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Chepelare, Spring to Autumn

Many of this region's top tourist sites cannot be accessed during the ski season due to extreme conditions and poor road conditions. Several of the natural rock phenomenon are only open from spring to autumn, making this another good reason to visit the area outside of the main tourist season. Pamporovo also keeps its lift facilities open throughout the summer. A visit to this Rhodope area can be as rewarding in the warmer months as it can be for winter skiing.



Rozhen Observatory - The National Astronomical Observatory in Rozhen is about 14 km from Chepelare and 15 km from Pamporovo. It stands on a mountain peak, 1,750 metres above sea level. Tours to the facility are only possible after 2 pm with a group of 6 or more people.

The Wonder Bridges - The unique natural landmark, known locally as ‘Chudnite Mostove’ stands on the ridge of the Chernatitsa hill, close to Chepelare. An earthquake caused a cave in the area to warp and shatter; the result, two enormous stone hump back bridges arched over the tiny Aidarsko Dere River. The light grey of the smooth rock blends with the foliage of the lush pine forest. It has been under a preservation order since 1949. The Golyam Most Bridge is enormous and rises over a massive abyss. The smaller bridge lies 200 m away and is more of a tunnel. The tunnel begins with a wide opening that gradually wears out to a fracture in the rock. The river disappears into this opening and runs underground returning to the surface one and a half km away. The nearby Ice Cave is covered in ice all year round, but access is very difficult and only advisable if you have a qualified guide.

Bachkovo Monastery - The Bachkovo Monastery is the second largest monastery in the country. The Byzantine military commander, Grigorii Pakouriani and his brother Abazii built it in 1083. The walls are adorned with murals, particularly in the dining hall, which were painted in 1603 by an unknown artist. The true crowd puller is the icon of the Virgin Mary, which people believe is an inspirational miracle. On public holidays, there is often a long queue of people waiting to say their prayers to the miraculous image.

Assen’s Fortress - Close to Assenovgrad and Bachkovo lies an old medieval fortress and a stone church. They stand high above the town on a vertical rock face at the point where the mountain range merges into the Thracian valley.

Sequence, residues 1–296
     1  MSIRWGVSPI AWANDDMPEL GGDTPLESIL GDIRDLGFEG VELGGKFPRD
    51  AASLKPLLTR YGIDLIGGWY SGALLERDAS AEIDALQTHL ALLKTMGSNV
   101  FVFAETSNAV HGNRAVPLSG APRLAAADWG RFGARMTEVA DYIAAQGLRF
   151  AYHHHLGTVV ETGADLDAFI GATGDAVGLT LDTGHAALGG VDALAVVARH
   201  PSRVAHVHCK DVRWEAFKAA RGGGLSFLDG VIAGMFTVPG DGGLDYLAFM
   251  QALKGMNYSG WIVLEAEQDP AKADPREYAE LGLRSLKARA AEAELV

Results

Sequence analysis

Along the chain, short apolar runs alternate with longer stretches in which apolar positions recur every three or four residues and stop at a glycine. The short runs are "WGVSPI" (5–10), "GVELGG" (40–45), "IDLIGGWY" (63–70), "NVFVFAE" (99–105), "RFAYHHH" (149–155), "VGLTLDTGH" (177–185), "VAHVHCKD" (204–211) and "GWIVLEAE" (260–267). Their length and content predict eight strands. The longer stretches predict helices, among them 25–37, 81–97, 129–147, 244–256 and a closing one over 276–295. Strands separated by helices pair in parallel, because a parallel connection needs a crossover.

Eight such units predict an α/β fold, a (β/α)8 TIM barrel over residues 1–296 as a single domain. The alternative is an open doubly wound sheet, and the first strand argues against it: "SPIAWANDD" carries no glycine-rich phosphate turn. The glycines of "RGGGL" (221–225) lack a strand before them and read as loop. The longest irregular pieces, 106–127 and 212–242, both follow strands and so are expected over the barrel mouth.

The Trigrad Gorge & the Devils Throat Cave - The small village of Trigrad is situated close to the Greek border. The area is famous for its 200 caves and that is the reason why speleological expeditions are carried out here every year. The legend of Orpheus encompasses any visit to the cave. Orpheus was a talented flute player who gave up his music when his wife died. He went to the Devil’s Throat cave to get her back, as he believed that this was where Hell was and when you descend into the cave, you can understand why. It really is down in the bowels of the earth. Orpheus was allowed to take his wife back to earth on the condition that she followed him and that he didn’t look round until they were safely above ground, but as she climbed the 300 tiny, vertical steps she fell, called out his name and he turned around to witness her being pulled back to Hell - easy to believe when you find yourself puffing and panting your way out of the eerie darkness via those crudely cut steps.

The Devils Throat leaves you with an everlasting impression that somehow, you have touched upon a sinister part of history.

Yagodina Cave - The Yagodina Cave lies 8 km from the Devil’s Throat Cave in the Trigrad Gorge. It stands beside the Devils Bridge, a natural rock bridge, which legend has it, only the Devil himself could cross. It is one of the deepest caves in Bulgaria with a labyrinth of paths 10 km in length. The well-lit tourist trail is only 1,100 m long, but it takes visitors through a series of impressive rock formations of stalactites and stalagmites.

One of the most amazing sites is the rare cave pearls, formed by drops of water falling on tiny pebbles and gradually coating them with a lustrous shell. Archaeologists have found objects dating from the 4th and 5th centuries BC here.

Shiroka Luka - Twelve kilometres from Pamporovo lies the village of Shiroka Luka, known as “the living museum.” It is well known for its original Rhodope architectural style, musical traditions and history. Its roots can be traced back to the early years of Ottoman rule, which is the period when many Bulgarians were forced to convert to Islam. The first settlers here were villagers who originally lived on the outskirts of the Rhodopes, who fled to inaccessible mountain areas to escape the enforced conversion.

One of the best times to visit the village is towards the beginning of March when local villagers dress up in Kukieri costumes - animal skins, bells and exotic masks.
Mogulitsa - The quaint village of Moguilitsa village is home to Agushevi Konatsi, an early 19th century estate, which was once the residence of a Turkish feudal lord. This remarkable example of Rhodopean architecture consists of residential and agricultural buildings. Another interesting sight in the area is the Uchlovitsa cave.

 

Photograph of Bachkovo Monastery by www.bulgariaphotos.net